Detail map of Paris, Île-de-France, France,Tsentralnyy administrativnyy okrug, Moskva, Russia,Klaipėdos apskritis, Lithuania

A: Paris, Île-de-France, France, B: Tsentralnyy administrativnyy okrug, Moskva, Russia, C: Klaipėdos apskritis, Lithuania

Charles Joseph Minard Issues One of the Best Statistical Graphics Ever Drawn

11/20/1869
<p><strong>"Figurative Map</strong>&nbsp;of the successive losses in men of the French Army in the Russian campaign 1812&ndash;1813.<br />Drawn up by M. Minard, Inspector General of Bridges and Roads in retirement. Paris, 20 November 1869.</p>
<p>"The numbers of men present are represented by the widths of the colored zones at a rate of one millimeter for every ten-thousand men; they are further written across the zones. The red [now brown] designates the men who enter into Russia, the black those who leave it. &mdash;&mdash; The information which has served to draw up the map has been extracted from the works of M. M. Thiers, of Segur, of Fezensac, of Chambray, and the unpublished diary of Jacob, pharmacist of the army since October 28th. In order to better judge with the eye the diminution of the army, I have assumed that the troops of prince Jerome and of Marshal Davoush who had been detached at Minsk and Moghilev and have rejoined around Orcha and Vitebsk, had always marched with the army.</p>
<p>"The scale is shown on the center-right, in "lieues communes de France" (common French league) which is 4444&nbsp;m (2.75 miles).</p>
<p>"The lower portion of the graph is to be read from right to left. It shows the temperature on the army's return from Russia, in degrees below freezing on the&nbsp;<a class="extiw" title="w:en:R&eacute;aumur scale" href="https://en.wikipedia.org/wiki/en:R%C3%A9aumur_scale">R&eacute;aumur scale</a>. (Multiply R&eacute;aumur temperatures by 1&frac14; to get&nbsp;<a class="extiw" title="w:en:Celsius" href="https://en.wikipedia.org/wiki/en:Celsius">Celsius</a>, e.g. &minus;30&nbsp;&deg;R = &minus;37.5&nbsp;&deg;C) At Smolensk, the temperature was &minus;21&deg; R&eacute;aumur on 14&nbsp;November" (Wikipedia)</p>

"Figurative Map of the successive losses in men of the French Army in the Russian campaign 1812–1813.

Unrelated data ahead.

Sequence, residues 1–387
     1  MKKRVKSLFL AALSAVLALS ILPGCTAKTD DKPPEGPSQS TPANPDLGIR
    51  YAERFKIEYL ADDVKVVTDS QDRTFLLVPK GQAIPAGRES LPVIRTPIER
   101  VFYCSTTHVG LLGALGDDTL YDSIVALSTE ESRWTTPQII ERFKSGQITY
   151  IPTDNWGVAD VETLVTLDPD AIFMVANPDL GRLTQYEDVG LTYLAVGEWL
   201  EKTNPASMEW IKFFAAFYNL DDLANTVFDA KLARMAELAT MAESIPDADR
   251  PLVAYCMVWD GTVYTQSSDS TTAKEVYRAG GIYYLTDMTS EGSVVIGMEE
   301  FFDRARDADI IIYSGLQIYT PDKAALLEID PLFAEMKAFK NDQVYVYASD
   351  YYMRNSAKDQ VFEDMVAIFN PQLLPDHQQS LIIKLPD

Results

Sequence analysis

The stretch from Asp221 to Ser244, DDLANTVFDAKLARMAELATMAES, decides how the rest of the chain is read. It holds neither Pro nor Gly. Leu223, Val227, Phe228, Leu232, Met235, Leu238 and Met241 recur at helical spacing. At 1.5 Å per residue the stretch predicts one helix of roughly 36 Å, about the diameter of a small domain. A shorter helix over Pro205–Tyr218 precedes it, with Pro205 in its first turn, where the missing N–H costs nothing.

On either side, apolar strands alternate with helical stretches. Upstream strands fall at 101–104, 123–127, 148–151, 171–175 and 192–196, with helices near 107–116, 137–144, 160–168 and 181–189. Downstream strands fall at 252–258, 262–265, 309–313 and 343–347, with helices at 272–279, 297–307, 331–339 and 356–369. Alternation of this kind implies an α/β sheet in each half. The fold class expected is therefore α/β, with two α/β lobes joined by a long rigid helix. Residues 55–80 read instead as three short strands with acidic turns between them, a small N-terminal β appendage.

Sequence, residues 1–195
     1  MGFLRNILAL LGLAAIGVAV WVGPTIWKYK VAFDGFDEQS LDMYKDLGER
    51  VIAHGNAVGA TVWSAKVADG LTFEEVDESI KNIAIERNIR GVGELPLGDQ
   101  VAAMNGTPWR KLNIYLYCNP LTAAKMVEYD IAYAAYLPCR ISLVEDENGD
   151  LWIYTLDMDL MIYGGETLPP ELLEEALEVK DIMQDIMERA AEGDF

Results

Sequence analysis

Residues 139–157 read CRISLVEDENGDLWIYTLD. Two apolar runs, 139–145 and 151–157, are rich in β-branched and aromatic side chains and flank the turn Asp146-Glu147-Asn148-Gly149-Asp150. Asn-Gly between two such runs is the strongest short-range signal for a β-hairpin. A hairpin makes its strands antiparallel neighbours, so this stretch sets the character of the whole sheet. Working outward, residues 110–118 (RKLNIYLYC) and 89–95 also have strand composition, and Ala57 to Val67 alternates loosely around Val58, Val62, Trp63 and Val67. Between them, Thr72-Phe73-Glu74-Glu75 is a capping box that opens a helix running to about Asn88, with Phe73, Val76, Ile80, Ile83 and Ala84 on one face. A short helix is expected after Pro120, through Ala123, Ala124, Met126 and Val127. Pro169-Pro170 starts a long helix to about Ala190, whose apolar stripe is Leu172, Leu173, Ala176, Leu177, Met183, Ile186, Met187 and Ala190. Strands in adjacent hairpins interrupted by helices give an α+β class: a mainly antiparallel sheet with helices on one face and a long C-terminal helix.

Drawn up by M. Minard, Inspector General of Bridges and Roads in retirement. Paris, 20 November 1869.

"The numbers of men present are represented by the widths of the colored zones at a rate of one millimeter for every ten-thousand men; they are further written across the zones. The red [now brown] designates the men who enter into Russia, the black those who leave it. —— The information which has served to draw up the map has been extracted from the works of M. M. Thiers, of Segur, of Fezensac, of Chambray, and the unpublished diary of Jacob, pharmacist of the army since October 28th. In order to better judge with the eye the diminution of the army, I have assumed that the troops of prince Jerome and of Marshal Davoush who had been detached at Minsk and Moghilev and have rejoined around Orcha and Vitebsk, had always marched with the army.

"The scale is shown on the center-right, in "lieues communes de France" (common French league) which is 4444 m (2.75 miles).

"The lower portion of the graph is to be read from right to left. It shows the temperature on the army's return from Russia, in degrees below freezing on the Réaumur scale. (Multiply Réaumur temperatures by 1¼ to get Celsius, e.g. −30 °R = −37.5 °C) At Smolensk, the temperature was −21° Réaumur on 14 November" (Wikipedia)

On November 20, 1869 French civil engineer Charles Joseph Minard published in Paris Carte figurative des pertes successives en hommes de l'Armée Française dans la campagne de Russie 1812-1813This was a a flow map on Napoleon's disastrous Russian campaign of 1812 in which he marched his army of 500,000 men from the Neman River to Moscow.

"The graph displays several variables in a single two-dimensional image:

"• the army's location and direction, showing where units split off and rejoined

"• the declining size of the army (note e.g. the crossing of the Berezina river on the retreat)

"• the low temperatures during the retreat.

"Étienne-Jules Marey first called notice to this dramatic depiction of the terrible fate of Napoleon's army in the Russian campaign, saying it "defies the pen of the historian in its brutal eloquence". Edward Tufte says it 'may well be the best statistical graphic ever drawn' and uses it as a prime example in The Visual Display of Quantitative Information" (Wikipedia article on Charles Joseph Minard, accessed 01-16-2011).

The chart is a lithograph 62 x 30 cm.  

♦ An essay on Minard's historical sources for the chart, and a different reproduction pf the chart, was available at http://www.edwardtufte.com/tufte/minard in January 2011.

♦ The bibliographer of Minard's statistical graphics, Michael Friendly, posted several very interesting graphic variations on Minard's chart as Re-Visions of Minard. "I use 're-vision' in the sense of both 'to revise' and 'to see again', possibly from a new perspective." This was also available in January 2011.

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